Their Last Anniversary Dinner
Today was the day. It was their last anniversary… #15. I did the grocery shopping last night and spent most of the time walking through the aisles of Publix in more of zombie mode, just staring at the food completely horrified at the task before me. I had called them earlier and J. answered. I told I was making Pot Roast, but I could make anything. She chose pork chops. I asked her about dessert and she told me ice cream and gave me the specific brand her husband likes, as she does not eat sweets anymore.
I called my sister about it this morning. I’ve been keeping it together, but the prospect of not knowing what to expect upon seeing her since I’ve not seen her since BEFORE her first Chemo treatment in January, was more than daunting. And before anyone thinks I’ve been some chicken and didn’t have the guts to go see her, that is not it at all. She specifically told all of us that she DID NOT want to see ANY of us. She wouldn’t even let her children come visit. I strictly adhered to all her wishes. Anyway, so I called my sister and was telling her about last night and I started telling her about picking up the ice cream. Something as simple as picking up the family’s favorite ice cream made me a complete puddle.
It just seemed so intrusive. I know. It sounds so odd. But although I know them, I don’t KNOW them. We hung out together at Boy Scouts. J. and I worked on our school Mardi Gras together. We talked at birthday parties and school functions. So I know it sounds so ridiculous, but knowing a family’s eating habits, someone I know, but not REALLY KNOW, seems very personal to me. And I had a difficult time… picking… out… their.. ice cream.
My sister told me I could cry all I wanted then, but when I walked in that house, I needed to have my act together, and I did.
I walked in and felt like Mary Poppins. Her husband, P., met me at the door as she is now bedridden. It took us multiple trips for us to get everything I brought into their home. I brought candles and candlesticks (I am such a spaz. Think Elaine from Seinfeld. As I left the house, I dropped one of the candlesticks and cracked it, so I quickly went to my dining room table and swiped two of mine... that had been lit! P. laughed when I told him), a big bouquet of spring flowers, salad dressing, Pork Chops, homemade gravy, Saffron rice, salad, ice cream, hot fudge sauce, Redi Whip,and brownies. He was laughing at me as I kept saying, “Wait, wait, wait, I’m not finished. I have to unload this bag too” and there would be more stuff.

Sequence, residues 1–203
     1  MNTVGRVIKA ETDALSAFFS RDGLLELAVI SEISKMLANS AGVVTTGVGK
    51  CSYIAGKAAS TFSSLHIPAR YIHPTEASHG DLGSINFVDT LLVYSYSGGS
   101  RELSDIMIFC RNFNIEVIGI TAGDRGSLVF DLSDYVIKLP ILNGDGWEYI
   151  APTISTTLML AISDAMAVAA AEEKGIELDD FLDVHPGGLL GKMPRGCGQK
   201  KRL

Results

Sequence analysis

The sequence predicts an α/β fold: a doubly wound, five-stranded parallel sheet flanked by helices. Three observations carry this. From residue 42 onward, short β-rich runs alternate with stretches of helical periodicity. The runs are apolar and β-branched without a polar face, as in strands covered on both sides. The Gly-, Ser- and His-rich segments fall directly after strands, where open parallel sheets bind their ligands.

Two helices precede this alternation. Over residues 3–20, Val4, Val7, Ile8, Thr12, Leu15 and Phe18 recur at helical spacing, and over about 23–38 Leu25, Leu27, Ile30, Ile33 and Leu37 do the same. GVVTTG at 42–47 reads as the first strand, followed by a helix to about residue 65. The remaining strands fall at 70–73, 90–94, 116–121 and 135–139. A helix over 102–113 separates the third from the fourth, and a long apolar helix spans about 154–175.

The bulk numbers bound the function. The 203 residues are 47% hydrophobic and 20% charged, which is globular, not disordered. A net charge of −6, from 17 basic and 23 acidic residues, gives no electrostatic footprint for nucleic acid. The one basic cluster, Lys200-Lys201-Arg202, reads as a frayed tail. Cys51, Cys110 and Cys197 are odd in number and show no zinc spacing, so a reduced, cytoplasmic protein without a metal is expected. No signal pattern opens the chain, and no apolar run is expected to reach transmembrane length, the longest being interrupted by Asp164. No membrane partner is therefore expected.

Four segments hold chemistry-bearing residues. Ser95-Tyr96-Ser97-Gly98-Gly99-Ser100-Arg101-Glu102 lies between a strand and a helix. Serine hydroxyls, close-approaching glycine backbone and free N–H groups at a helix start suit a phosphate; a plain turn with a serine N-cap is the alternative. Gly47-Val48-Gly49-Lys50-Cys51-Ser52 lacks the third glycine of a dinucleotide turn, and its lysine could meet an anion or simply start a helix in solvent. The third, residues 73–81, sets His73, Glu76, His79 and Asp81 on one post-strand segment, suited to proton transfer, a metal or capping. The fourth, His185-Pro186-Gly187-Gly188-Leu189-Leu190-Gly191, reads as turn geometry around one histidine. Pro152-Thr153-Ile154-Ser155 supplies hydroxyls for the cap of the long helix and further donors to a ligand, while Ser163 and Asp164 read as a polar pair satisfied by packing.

She let me speak to her from the bedroom doorway. Her hair is short and spikey. It has come back in gray. She is thin. Her voice was stronger than I expected and we talked for a few minutes, until I could hear she was definitely getting tired and then I begged out so she could rest.
He is holding up. He is tired and stressed. I gave him a big hug and told him I would keep bringing food. It is all I can do. He was emotional when talking about all the kind things people are doing. I told him, “P., we can’t make this go away, although we would if we could… doing all of this is the only way we can show you how much we care about you. You have to let us do this for you and for us.” He is appreciative.
At one point he got quiet… he was listening… the look upon his face that we mothers get when we’re listening to the sound of our children’s voice or cry. I was quiet while he was intent. He said, “I thought I heard my name. I hear it now even when she is not calling.” I asked, “Do you hear it in your sleep?” and he said “Yes, even in my sleep.”
Hospice is in and counseling starts for the boys next week. P. is loving the people of Hospice. What a great group of people they are.
I didn’t cry or choke up. I laughed with him and it wasn’t fake. I was able to talk to them and not feel anything was forced. Everything felt so natural. I am numb. It is the calm before the storm.
And I will eventually have to blog my story with her… how I was the one she leaned on… the one she asked to do research on her primary disease (she has a disease that causes leukemia)… I was the one she asked, “Tell me straight up before I see them at Sloan Kettering… what are my chances? Don’t sugar coat it.”
Some things haunt you forever.